Once upon a time, there was a lovely season when Valentine’s Day was my favorite holiday. It wasn’t due to grand romantic gestures or socially-sanctioned chocolate binging; I cherished our tradition of the Valentine Tea. Three generations deep, the girls in our family would gather around a magnificent table to use our best manners, nibble on treats as pretty as they were delicious, and connect in important ways. My precious mother-in-law initiated the tradition when my daughter – her first grandchild – was just three. Thoughtful and deliberate, Sarah had a knack for making things beautiful and memorable.
From Rachel’s pre-school years through college, we’d look forward to the Valentine Tea, and it never occurred to me that one day it would stop. For a year or two I downplayed the signs that something was amiss. Probably, I just didn’t want to believe that what was happening, was actually happening. But the time Sarah mistook a glittery heart decoration for candy, our sweet tradition sputtered to a sorrowful end. Sarah’s mind was gradually stolen by the bully of dementia.
Life is a gift and life is beautiful, but sometimes life is plain hard.
We all face giants that threaten to slay us. No one is immune to tribulation. A diagnosis, infidelity, the prodigal child. A breach of confidence. Financial uncertainty. Betrayal or injustice. An enslaving addiction we hate beyond measure.
When life becomes a runaway train throttling out of control toward a cliff, what are you to do? How do you respond? Do you become paralyzed with grief or fear? Are you tempted to give up or shake your fist at God? Does your faith wander or whither?
There’s no shame in a knee-jerk response born out of our humanity and emotions. I’m ever-thankful to God that through the power, strength, and leading of His Spirit, our very human first response to heartache seldom remains our final response. Seeking and being surrendered to God changes us and how we respond to our circumstances.
When David battled Goliath, his weapons didn’t compare to the giant’s javelin, spear, and sword. As a shepherd, all he had was a stick (a staff) and a sling. Isn’t this the way of God, for Him to equip us with what we need, when we need it? To the bystanders looking on, it must’ve looked like David didn’t stand a chance. But God used simple tools David was already familiar with to defeat his enemy.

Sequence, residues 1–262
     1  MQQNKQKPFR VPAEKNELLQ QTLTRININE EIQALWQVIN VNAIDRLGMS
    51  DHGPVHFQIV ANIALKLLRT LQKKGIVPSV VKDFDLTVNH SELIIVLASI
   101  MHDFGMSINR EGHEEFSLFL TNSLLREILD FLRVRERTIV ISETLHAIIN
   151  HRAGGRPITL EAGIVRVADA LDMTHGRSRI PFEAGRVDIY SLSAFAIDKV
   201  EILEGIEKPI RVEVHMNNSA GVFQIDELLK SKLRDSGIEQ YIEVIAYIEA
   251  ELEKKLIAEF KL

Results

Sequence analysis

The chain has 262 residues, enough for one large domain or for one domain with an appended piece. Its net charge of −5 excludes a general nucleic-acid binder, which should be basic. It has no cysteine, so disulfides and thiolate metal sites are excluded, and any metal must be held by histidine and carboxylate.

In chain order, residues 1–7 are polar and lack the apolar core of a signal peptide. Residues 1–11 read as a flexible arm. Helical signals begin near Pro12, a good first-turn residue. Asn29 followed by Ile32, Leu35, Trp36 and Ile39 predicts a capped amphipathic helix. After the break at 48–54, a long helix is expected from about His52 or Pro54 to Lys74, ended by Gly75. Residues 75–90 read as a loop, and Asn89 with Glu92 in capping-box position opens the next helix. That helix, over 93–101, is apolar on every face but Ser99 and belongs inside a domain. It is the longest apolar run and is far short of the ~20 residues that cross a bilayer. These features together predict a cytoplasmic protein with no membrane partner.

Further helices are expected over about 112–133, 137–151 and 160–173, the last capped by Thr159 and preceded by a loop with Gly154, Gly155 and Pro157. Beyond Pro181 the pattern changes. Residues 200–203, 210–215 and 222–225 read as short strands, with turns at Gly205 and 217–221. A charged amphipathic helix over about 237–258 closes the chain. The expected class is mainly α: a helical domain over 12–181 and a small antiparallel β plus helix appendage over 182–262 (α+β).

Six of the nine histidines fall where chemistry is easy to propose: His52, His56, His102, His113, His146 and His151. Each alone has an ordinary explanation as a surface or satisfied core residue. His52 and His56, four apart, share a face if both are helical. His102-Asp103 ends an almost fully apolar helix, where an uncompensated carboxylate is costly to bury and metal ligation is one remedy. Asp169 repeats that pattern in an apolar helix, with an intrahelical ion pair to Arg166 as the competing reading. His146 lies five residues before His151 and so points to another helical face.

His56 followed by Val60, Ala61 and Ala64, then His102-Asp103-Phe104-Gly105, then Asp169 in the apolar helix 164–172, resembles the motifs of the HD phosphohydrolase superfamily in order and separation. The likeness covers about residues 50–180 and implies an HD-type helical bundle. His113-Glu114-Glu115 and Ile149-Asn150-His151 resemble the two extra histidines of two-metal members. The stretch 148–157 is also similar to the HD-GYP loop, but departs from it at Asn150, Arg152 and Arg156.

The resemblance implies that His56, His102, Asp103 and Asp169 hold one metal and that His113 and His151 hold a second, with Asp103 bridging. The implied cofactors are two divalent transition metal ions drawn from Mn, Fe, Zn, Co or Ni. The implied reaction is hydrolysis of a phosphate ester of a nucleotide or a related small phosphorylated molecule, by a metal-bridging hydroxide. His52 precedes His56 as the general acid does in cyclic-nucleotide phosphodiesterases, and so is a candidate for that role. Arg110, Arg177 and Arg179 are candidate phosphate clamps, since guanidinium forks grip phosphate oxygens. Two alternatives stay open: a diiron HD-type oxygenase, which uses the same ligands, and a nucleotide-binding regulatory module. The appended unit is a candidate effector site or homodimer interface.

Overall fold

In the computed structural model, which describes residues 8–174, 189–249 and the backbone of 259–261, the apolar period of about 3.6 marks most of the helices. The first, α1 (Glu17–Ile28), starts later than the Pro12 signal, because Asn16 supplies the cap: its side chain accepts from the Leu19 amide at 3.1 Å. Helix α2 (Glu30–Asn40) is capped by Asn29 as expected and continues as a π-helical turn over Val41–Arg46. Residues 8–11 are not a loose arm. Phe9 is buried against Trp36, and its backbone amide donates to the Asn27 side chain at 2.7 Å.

When we’re in pain or when life’s inevitable battles come our way, we also have familiar tools at our disposal.
Here are six simple things that have helped me when life gets really hard:
Remember that God is always with you. Knowing you are not alone makes a huge difference. God is ever-present, eager to impart His strength and comfort. Isaiah 41:10 says, “So do not fear, for I am with you; do not be dismayed, for I am your God. I will strengthen you and help you; I will uphold you with my righteous right hand.” Do you see how this is about what God will do? We don’t have to conjure what God has already offered.
Pray. Prayer is powerful, helping us to find peace and clarity. Even if you’re struggling in your faith, prayer maintains a connection to God. We can pour out our hearts to God regardless of what we’re feeling, trusting Him to do what’s best. Psalm 107:28-29 says, “Then they cried to the Lord in their trouble, and he delivered them from their distress. He made the storm be still, and the waves of the sea were hushed.”
Practice self-care. It‘s so easy to neglect our own needs. But taking care of ourselves helps us to cope. Meditate on Scripture. Eat healthily. Make sleep a priority. Go for a walk. Do something creative. Refreshing your heart, mind, and body matters.
Be thankful. It’s easy to be thankful when life is good, but a challenge when you’re suffering. Still, practicing gratitude is a fierce act of obedience that comes with a blessing. Philippians 4:6–7 reminds us to, “Do not be anxious about anything, but in everything by prayer and supplication with thanksgiving let your requests be made known to God. And the peace of God, which surpasses all understanding, will guard your hearts and your minds in Christ Jesus.” Supernatural peace arrives on the coattails of gratitude.
Invite others into your pain. Community is reflected in the Trinity; God is three persons, Father, Son, and Holy Spirit. Yes, God is with us, but Galatians 6:2 tells us to bear one another’s burdens. Some things are just too heavy to carry alone. Drawing from 1 Corinthians 12:24-26 we read that “God has so composed the body…that the members may have the same care for one another. If one member suffers, all suffer together….” Whether a friend, your small group, or church leader, it is life-giving to have someone else praying for you, listening to, acknowledging, and empathizing with your hurt, speaking truth to you, and maybe even offering insight or resources from a similar experience. We are not designed to go it alone.
Cling to the Word and truth of the Gospel. The Bible isn’t an instruction manual but it’s the primary means through which we know God and learn about what’s important to Him. We get to meet Jesus, observe His life, grieve His death, and celebrate His resurrection. He is no stranger to hard things, but His story is one of good news! No matter what we’re facing, we have a Savior who’s acquainted with our sorrow, who can identify with our pain, and who promises us life everlasting. Our heartache serves a purpose because it can loosen our grip on this world and remind us we aren’t made for it, anyway.
When life gets really hard, it’s paradoxical to me that the things that help me most are actually pretty simple.